Published on March 4th, 2014 | by Craig Silliphant0
Where is Robin in the Movies?
The Boy Wonder sure gets the shit end of the batarang.
You don’t need detective skills or the Batcomputer to know that superhero movies are at a peak craze for Hollywood right now. In terms of DC Comics and Batman, Christopher Nolan’s trilogy has ended and we’re moving towards the Batman reboot with Ben Affleck donning the cowl and joining Henry Cavill’s Superman. Having watched all these superhero properties rise in the last few years, my big question has slowly become — where’s Robin?
For some reason, Hollywood has forsaken one of the best and most enduring characters in comic books — and the quintessential partnership, really. While Batman and Superman are great together, if you ask any stranger on the street to name the first superhero partnership that comes to mind, they’re probably going to say Batman and Robin. And yes, while I realize that Joseph Gordon Levitt was supposed to be this character, I think it was a cheap and unfulfilling nod to one of my favourite DC characters.
Those who are less inclined to want Robin on the big screen are likely to bandy about the notion that many readers hate Robin, and while I’m sure that’s true to a degree, it’s also largely anecdotal. Haters always cite the famous call in poll from the ‘A Death in the Family’ storyline, where readers could call in to decide whether Joker would kill Robin or not.
They choose his demise, but he only died by a tight margin (72 votes, to be exact), and even that is somewhat disputed today. Batman editor at the time of ‘A Death in the Family,’ Denny O’Neil, once stated that he heard a fan had programmed a computer to repeatedly ‘dial for death’ for hours on end, amounting to over 200 votes from one person. And second to all this, readers voted to kill Jason Todd specifically, who was known as being an annoyingly whiny bitch at the time (he’s since been reinvented as Red Hood, a better character). So they didn’t want Robin dead — they just wanted THAT Robin dead. And lastly, I’m sure some voted for Robin’s demise just to see some good drama unfold. All of this is arguable, of course, but with over 10,000 votes and a difference of only 72, it’s clear that all the fans don’t hate Robin as much as we’re sometimes led to believe.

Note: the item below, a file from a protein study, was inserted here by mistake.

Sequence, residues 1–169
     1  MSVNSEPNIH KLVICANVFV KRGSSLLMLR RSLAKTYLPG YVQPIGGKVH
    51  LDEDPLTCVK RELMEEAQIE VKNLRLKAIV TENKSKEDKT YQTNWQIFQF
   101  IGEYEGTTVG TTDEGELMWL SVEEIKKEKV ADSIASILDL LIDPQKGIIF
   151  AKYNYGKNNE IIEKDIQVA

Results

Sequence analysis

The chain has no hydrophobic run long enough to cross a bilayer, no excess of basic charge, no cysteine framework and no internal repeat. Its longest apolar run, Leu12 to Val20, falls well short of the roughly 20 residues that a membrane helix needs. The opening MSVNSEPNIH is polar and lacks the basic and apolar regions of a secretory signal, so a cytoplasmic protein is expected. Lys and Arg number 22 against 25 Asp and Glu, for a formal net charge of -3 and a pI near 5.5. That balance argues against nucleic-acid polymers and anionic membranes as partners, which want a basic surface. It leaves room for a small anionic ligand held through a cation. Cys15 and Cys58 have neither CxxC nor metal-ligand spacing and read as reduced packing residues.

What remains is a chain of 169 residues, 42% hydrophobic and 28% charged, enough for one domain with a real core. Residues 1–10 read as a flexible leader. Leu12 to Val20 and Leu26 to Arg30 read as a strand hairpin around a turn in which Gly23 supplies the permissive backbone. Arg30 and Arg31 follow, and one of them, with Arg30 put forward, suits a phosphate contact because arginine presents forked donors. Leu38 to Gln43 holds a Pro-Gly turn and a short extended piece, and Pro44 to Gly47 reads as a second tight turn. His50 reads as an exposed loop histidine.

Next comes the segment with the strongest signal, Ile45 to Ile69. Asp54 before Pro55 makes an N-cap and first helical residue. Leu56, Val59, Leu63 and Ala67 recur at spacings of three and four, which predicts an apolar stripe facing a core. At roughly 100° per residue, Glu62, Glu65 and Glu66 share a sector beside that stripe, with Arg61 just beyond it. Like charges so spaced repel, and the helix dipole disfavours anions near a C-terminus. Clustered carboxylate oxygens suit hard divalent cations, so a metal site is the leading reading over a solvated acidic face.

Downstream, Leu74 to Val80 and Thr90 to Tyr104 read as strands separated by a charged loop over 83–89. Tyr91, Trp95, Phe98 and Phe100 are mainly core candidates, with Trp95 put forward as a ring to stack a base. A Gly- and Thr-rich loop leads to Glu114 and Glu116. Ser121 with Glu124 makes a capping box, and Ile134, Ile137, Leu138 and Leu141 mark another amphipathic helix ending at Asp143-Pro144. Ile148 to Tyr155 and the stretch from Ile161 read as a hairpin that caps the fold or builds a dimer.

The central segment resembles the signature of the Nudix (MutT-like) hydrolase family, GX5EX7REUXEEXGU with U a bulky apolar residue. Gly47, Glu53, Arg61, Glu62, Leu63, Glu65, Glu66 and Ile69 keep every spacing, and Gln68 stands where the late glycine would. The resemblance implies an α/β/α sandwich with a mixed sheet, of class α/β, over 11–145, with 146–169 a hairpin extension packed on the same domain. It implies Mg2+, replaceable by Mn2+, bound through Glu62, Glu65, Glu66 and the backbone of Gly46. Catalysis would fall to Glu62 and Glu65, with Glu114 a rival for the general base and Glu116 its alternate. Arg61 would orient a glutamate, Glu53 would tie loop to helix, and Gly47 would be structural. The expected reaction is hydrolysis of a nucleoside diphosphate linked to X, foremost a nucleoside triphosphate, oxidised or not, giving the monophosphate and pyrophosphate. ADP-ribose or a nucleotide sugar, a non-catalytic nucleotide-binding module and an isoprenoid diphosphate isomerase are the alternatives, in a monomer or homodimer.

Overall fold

What really killed Robin, in the movies anyway, was Chris O’Donnell and the two garbage Joel Schumacher Batman movies, Batman Forever, and especially Batman and Robin. O’Donnell was a 27-year old ‘Boy’ Wonder and Robin was reduced to being an overgrown, nippled armour wearing man-child that still lived with his (adopted) Daddy. It made the character seem sillier and brought out the homoerotic stuff they invented Aunt Harriet to combat in the 60s. They didn’t have the confidence to play it straight (no pun intended) and make Robin a real character.
But before we really get into how to make Robin work in the movies, we need to address the comic books and what The Boy Wonder brings to the Batman universe. I like a solo Batman sometimes, but I’m firmly in the ‘Batman needs a Robin’ camp. It keeps him grounded. It shows his empathy. Without Robin, Batman becomes more cartoonish as a grim avenger; raising Robin helped Bruce Wayne be a better Batman. It pulls him back from being devoured by the darkness that eats at him. Would Batman have been a murderous Punisher-type character had Robin not brought him balance, the yin to his yang?
And through Robin, as the reader, we get to see Batman through another lens, both when he’s a hero, and when he’s teetering on the edge. In fact, the character was wildly popular in the first place because juvenile readers could identify with the young sidekick. Was he created as a marketing ploy at first? Sure. But hey, even Star Trek’s Ensign Chekov and his mop top haircut were a rip off of Davy Jones from The Monkees. And besides, Robin has grown immensely as a character through the years and the different incarnations.